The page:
Every Wednesday

Every Wednesday, I will post something about grief. Sometimes it will be a reflection on an aspect of grief’s landscape. Now and then I will share from my own journey of grief, because in the sharing of our stories we find strength and build a community of people that support one another.

Wednesday, November 25, 2015

John Muir and Grief

(notice the two people at the base of the tree)

John Muir is one of my patron saints. He said, “Creation was not an act, it is a process, and it is going on today as much as it ever was.”

When we go to natural places like Yosemite (or Yellowstone, the Grand Tetons, etc.), it looks like it never changes. Yet if we go often, and pay attention to the details, we notice that everything is a little different than it was the last time we were here.

Mirror Lake has gradually filled in with sediment brought down by the river and becomes a meadow. Flakes of rock the size of houses have broken off the valley walls and fallen, leaving white spots behind on the gray granite. A meadow in the west end of the valley that was completely open now has quite a few trees. The spring flood carved a new path through the valley and shifted the river 500 feet.

Everything is continually changing in nature. Lesson number 1.

In nature, changes are part of a process. Sandbars become meadows that become forests. Plate tectonics raise the Sierra Nevada Mountains up. Wind, rain, and rivers wear the Sierra Nevada down. The climate gets warmer, and the Lyell Glacier that Muir measured begins to disappear.

The natural world continues to evolve. Lesson number 2.

We are part of the movement of creation, too, as well as part of its destruction. One world ends and a new one begins. Old sections of our cities are town down, and new buildings are constructed.

We want everything we love to stay the same, yet even we aren’t who we used to be. We learn new things and our thinking shifts. We develop relationships, and feel our hearts deepen. We grow. We evolve. We would not want to be who we were ten, twenty, or thirty years ago because we are aware of so much more now. We are wiser and, hopefully, more compassionate.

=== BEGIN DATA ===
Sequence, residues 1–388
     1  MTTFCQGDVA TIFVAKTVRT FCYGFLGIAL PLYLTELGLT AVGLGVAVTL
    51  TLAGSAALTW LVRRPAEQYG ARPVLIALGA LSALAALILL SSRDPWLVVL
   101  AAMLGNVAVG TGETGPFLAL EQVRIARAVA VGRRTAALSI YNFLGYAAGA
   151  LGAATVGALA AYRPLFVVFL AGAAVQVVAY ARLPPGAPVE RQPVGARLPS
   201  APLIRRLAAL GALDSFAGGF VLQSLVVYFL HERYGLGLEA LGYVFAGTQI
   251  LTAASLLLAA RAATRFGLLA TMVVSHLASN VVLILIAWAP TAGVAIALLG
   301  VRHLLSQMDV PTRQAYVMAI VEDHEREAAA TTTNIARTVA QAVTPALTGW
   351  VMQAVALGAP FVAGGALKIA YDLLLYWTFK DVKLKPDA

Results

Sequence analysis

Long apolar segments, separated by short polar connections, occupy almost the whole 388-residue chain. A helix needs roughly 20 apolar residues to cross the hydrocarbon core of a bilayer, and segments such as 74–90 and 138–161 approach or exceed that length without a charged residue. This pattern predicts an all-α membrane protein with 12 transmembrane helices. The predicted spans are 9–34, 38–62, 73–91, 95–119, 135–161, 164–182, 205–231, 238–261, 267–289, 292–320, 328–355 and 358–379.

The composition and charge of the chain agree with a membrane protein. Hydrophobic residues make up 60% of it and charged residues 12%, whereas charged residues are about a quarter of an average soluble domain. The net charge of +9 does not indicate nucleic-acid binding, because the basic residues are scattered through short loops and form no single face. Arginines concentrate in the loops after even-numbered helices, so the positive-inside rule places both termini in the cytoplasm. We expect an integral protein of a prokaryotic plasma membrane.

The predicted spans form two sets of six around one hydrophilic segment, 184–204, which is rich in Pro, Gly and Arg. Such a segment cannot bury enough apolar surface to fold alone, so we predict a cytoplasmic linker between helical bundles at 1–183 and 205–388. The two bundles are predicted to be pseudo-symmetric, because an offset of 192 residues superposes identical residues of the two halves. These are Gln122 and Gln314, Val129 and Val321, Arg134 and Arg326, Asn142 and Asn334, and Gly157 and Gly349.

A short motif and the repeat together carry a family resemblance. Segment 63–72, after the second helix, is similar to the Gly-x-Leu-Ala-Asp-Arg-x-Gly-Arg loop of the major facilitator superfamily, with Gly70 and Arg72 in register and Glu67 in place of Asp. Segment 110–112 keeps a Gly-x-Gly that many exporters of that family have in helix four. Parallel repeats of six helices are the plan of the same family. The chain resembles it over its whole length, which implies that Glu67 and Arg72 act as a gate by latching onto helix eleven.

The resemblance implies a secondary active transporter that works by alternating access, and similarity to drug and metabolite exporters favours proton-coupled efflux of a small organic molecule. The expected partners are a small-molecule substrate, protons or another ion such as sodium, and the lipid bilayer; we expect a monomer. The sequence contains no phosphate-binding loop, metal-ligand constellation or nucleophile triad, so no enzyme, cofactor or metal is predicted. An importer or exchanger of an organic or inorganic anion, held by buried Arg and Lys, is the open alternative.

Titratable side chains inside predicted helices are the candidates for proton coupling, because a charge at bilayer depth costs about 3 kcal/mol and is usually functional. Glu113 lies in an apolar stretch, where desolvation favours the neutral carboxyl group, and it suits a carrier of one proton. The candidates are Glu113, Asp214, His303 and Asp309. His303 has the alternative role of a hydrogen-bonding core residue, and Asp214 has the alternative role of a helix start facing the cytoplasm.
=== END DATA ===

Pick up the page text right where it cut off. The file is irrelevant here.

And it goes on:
Life and death are ongoing in Yosemite. Lesson number 3.

Muir understood the ways of nature and accepted the cycle of life and death, yet he was so devastated by his wife’s death that he spent a year in the desert Southwest trying to get back on his feet. He had been my companion while hiking. After my wife died, he became a companion of my heart.

When a wife dies, it is the end of the world as we knew it. Lesson number 4.

We sometimes think of evolution as improvement. But for all of its changes over the last thousand years, the natural world is not more beautiful than it was. Its beauty is just different.

Nothing evolved from the deaths of our loved ones. They weren’t connected to anything else. But their deaths changed the course of our lives.

Are we better because of grief? While our hearts may have deepened, and we may understand how desperately needed compassion is in the world, the death of people we loved has not led to lives that are better. They’re just different.

While the world we loved ended with the death of our loved ones, we go on, trying to find meaning in the changes. Sometimes there isn’t one.

We are raised up and worn down like the mountains, our low areas are filled in, and our high places are sharpened. The course of the river that flows through our hearts shifts as we follow its path.

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